“A nameless passer-by, alone in a crowd, in a society that has become too impersonal,” is how Cirque Du Soleil’s newest installation Quidam can be described as it made its stop at the Cow Palace in San Francisco this last week.
Quidam has a post World War II, Industrial Revolution timeline to it as many of the costumes consisted of newsboy caps, suspenders and button-up shirts with dust, coal and oil stains from factory life.
The story starts off with a young girl, Zoe, whose mother and farther are distant and busy with their lives to play attention to her until a mysterious visitor arrives and presents her with a sequin purple derby. When she slips on the hat she is taken to a world where she is no longer alone and bored. She is taken to a land of German wheels, aerial contortion, trapeze artists and jumprope connoisseurs.
Other characters in the performance who did not reflect the story’s period had very playful and amorous costumes of bright colors made of lame and lycra materials or wore costumes that appeared to look like they were wearing nothing at all.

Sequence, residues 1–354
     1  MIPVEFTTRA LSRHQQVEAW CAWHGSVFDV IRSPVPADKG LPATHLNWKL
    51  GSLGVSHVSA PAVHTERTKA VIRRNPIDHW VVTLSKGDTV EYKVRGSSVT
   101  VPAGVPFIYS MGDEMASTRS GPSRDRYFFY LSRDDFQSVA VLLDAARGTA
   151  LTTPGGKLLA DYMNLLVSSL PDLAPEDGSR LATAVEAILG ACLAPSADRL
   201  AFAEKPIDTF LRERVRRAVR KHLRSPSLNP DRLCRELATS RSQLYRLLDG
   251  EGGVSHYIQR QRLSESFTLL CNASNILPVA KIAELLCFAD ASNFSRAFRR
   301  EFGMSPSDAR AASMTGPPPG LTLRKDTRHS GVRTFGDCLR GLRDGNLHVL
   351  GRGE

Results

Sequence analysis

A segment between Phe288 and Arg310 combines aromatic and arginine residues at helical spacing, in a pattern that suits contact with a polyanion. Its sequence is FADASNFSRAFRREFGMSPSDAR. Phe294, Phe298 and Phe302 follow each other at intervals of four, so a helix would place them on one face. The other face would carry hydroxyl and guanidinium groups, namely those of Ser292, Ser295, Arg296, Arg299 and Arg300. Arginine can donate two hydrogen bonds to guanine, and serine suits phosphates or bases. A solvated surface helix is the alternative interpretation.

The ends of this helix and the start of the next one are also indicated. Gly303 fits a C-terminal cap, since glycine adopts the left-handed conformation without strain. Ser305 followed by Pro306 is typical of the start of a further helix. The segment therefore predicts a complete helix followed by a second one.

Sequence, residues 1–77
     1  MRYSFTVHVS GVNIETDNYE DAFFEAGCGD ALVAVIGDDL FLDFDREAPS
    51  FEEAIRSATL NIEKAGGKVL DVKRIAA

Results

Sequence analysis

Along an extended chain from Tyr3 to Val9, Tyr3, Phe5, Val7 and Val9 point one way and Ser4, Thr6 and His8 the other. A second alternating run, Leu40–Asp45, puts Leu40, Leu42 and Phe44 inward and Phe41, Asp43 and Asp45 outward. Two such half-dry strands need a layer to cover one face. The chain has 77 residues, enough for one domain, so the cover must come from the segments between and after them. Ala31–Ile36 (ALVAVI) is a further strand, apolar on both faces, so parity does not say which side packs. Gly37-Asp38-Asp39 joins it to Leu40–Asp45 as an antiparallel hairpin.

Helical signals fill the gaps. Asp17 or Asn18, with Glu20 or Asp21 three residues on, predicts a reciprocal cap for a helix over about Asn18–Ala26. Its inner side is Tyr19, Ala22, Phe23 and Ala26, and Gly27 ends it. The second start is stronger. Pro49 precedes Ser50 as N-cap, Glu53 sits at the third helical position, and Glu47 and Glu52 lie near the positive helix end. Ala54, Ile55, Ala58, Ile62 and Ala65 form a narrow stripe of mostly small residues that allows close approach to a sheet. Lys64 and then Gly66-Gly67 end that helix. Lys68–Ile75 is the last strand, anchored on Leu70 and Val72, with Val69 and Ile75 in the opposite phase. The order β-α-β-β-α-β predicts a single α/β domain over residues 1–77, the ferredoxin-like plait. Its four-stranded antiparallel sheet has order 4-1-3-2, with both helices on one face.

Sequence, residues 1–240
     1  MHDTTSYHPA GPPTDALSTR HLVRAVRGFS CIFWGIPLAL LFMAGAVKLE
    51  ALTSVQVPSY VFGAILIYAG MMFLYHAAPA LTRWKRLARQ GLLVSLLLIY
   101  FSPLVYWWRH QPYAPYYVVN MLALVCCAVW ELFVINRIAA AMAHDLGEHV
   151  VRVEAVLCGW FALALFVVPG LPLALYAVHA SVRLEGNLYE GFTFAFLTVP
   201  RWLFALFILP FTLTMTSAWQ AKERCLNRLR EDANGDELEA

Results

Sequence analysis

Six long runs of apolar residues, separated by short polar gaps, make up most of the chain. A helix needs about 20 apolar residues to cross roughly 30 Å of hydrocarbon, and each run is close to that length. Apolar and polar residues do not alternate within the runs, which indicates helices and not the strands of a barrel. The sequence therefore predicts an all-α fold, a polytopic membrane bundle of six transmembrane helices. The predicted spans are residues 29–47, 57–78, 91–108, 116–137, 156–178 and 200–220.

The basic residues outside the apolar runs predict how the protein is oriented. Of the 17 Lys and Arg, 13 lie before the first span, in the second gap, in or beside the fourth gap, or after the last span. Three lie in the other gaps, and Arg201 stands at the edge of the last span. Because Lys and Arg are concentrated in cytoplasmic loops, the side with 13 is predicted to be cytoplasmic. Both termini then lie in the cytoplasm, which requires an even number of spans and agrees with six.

My favorite costume was the one worn by the diabolos performers. The diabolos or Chinese yo-yo performers wore bright and youthful corset tops with black lame shorts. The combination sounds simple, but witnessing how the girls performed in the costume made them look fun and playful.
This was the fourth Cirque Du Soleil performance I’ve had the pleasure to see and these performances leave me in awe each time. This was however the first time seeing a traveling Soleil performance since most of their homes are in Las Vegas. Quidam will be back in the Bay Area in May for their last U.S. stop before they head to London.